Is it right to convict a person of a crime on the basis of purely statistical evidence? Many who have considered this question agree that it is not, posing a direct challenge to legal probabilism – the claim that the criminal standard of proof should be understood in terms of a high probability threshold. Some defenders of legal probabilism have, however, held their ground: Schoeman (1987) argues that there are no clear epistemic or moral problems with convictions based on purely (...)
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  36.  99
    Support for Geometric Pooling.Jean Baccelli & Rush T. Stewart - forthcoming - Review of Symbolic Logic:1-40.
    Supra-Bayesianism is the Bayesian response to learning the opinions of others. Probability pooling constitutes an alternative response. One natural question is whether there are cases where probability pooling gives the supra-Bayesian result. This has been called the problem of Bayes-compatibility for pooling functions. It is known that in a common prior setting, under standard assumptions, linear pooling cannot be non-trivially Bayes-compatible. We show by contrast that geometric pooling can be non-trivially Bayes-compatible. Indeed, we show that, under certain assumptions, geometric and (...)
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  37. A Passage Theory of Time.Martin A. Lipman - 2018 - Oxford Studies in Metaphysics 11:95-122.
    This paper proposes a view of time that takes passage to be the most basic temporal notion, instead of the usual A-theoretic and B-theoretic notions, and explores how we should think of a world that exhibits such a genuine temporal passage. It will be argued that an objective passage of time can only be made sense of from an atemporal point of view and only when it is able to constitute a genuine change of objects across time. This requires that (...)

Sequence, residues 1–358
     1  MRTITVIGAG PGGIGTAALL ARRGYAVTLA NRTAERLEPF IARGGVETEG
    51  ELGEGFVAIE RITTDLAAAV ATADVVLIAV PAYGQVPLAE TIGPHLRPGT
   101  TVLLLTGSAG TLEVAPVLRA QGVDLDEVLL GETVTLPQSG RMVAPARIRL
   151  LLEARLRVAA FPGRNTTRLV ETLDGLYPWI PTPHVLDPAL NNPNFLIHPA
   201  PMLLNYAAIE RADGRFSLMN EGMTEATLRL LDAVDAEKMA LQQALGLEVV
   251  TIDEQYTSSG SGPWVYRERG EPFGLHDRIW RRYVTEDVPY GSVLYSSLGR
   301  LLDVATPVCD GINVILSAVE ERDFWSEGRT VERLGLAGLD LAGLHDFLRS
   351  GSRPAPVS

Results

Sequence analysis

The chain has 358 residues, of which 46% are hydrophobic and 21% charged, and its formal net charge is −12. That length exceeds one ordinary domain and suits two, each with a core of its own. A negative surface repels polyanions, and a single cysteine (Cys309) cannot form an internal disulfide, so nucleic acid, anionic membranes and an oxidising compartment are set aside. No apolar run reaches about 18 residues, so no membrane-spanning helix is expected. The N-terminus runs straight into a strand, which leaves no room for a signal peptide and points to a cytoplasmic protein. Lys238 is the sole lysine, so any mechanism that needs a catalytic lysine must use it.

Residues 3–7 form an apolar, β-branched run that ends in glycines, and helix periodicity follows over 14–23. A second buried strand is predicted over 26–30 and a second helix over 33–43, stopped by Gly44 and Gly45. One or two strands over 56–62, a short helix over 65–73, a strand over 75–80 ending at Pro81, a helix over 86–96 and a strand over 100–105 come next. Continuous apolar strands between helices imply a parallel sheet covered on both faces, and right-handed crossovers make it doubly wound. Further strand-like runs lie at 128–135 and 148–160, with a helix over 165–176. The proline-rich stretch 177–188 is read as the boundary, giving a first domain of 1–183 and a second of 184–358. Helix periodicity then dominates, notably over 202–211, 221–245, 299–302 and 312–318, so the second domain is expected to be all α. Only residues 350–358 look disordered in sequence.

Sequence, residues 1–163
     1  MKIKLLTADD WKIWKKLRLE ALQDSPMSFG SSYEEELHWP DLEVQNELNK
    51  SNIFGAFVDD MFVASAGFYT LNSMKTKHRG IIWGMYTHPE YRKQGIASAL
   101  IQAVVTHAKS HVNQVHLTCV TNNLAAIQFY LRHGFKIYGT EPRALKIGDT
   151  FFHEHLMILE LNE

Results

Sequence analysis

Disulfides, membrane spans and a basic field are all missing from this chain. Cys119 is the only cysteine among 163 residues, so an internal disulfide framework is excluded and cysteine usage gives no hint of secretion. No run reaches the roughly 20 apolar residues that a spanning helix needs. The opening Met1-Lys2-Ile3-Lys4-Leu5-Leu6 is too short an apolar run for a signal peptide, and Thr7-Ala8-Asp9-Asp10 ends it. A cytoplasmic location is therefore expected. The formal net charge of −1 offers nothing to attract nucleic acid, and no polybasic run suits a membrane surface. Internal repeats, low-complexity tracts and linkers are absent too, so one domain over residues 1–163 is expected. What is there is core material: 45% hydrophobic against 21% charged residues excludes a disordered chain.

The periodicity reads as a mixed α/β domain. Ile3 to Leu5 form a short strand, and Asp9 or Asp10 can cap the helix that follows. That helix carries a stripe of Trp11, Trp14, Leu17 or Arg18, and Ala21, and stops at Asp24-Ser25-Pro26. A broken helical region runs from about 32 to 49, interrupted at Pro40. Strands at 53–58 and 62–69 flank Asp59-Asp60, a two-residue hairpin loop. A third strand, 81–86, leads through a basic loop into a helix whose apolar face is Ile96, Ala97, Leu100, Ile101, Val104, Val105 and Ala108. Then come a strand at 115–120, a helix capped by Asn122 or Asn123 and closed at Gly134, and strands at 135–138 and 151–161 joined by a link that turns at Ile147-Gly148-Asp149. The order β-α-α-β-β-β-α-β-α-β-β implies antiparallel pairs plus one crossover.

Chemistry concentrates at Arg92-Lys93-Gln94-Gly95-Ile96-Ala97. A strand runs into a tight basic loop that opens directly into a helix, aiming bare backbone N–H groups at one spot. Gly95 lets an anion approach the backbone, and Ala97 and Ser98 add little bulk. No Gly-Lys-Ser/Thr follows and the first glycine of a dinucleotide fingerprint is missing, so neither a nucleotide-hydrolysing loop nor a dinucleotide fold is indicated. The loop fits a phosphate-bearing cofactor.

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  38. Belief, Attitude, Intention, and Behavior: An Introduction to Theory and Research.Martin Fishbein & Icek Ajzen - 1977 - Philosophy and Rhetoric 10 (2):130-132.
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  39. Epistemic Relativism, Scepticism, Pluralism.Martin Kusch - 2017 - Synthese 194 (12):4687-4703.
    There are a number of debates that are relevant to questions concerning objectivity in science. One of the eldest, and still one of the most intensely fought, is the debate over epistemic relativism. —All forms of epistemic relativism commit themselves to the view that it is impossible to show in a neutral, non-question-begging, way that one “epistemic system”, that is, one interconnected set of epistemic standards, is epistemically superior to others. I shall call this view “No-metajustification”. No-metajustification is commonly taken (...)
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  40. Rationalism and Necessitarianism.Martin Lin - 2012 - Noûs 46 (3):418-448.
    Metaphysical rationalism, the doctrine which affirms the Principle of Sufficient Reason (the PSR), is out of favor today. The best argument against it is that it appears to lead to necessitarianism, the claim that all truths are necessarily true. Whatever the intuitive appeal of the PSR, the intuitive appeal of the claim that things could have been otherwise is greater. This problem did not go unnoticed by the great metaphysical rationalists Spinoza and Leibniz. Spinoza’s response was to embrace necessitarianism. Leibniz’s (...)
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  41. Laws and the Completeness of the Fundamental.Martin Glazier - 2016 - In Mark Jago (ed.), Reality Making. Oxford, UK: Oxford University Press. pp. 11-37.
    Any explanation of one fact in terms of another will appeal to some sort of connection between the two. In a causal explanation, the connection might be a causal mechanism or law. But not all explanations are causal, and neither are all explanatory connections. For example, in explaining the fact that a given barn is red in terms of the fact that it is crimson, we might appeal to a non-causal connection between things’ being crimson and their being red. Many (...)
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  42. How (Not) to Think of Emotions as Evaluative Attitudes.Jean Moritz Müller - 2017 - Dialectica 71 (2):281-308.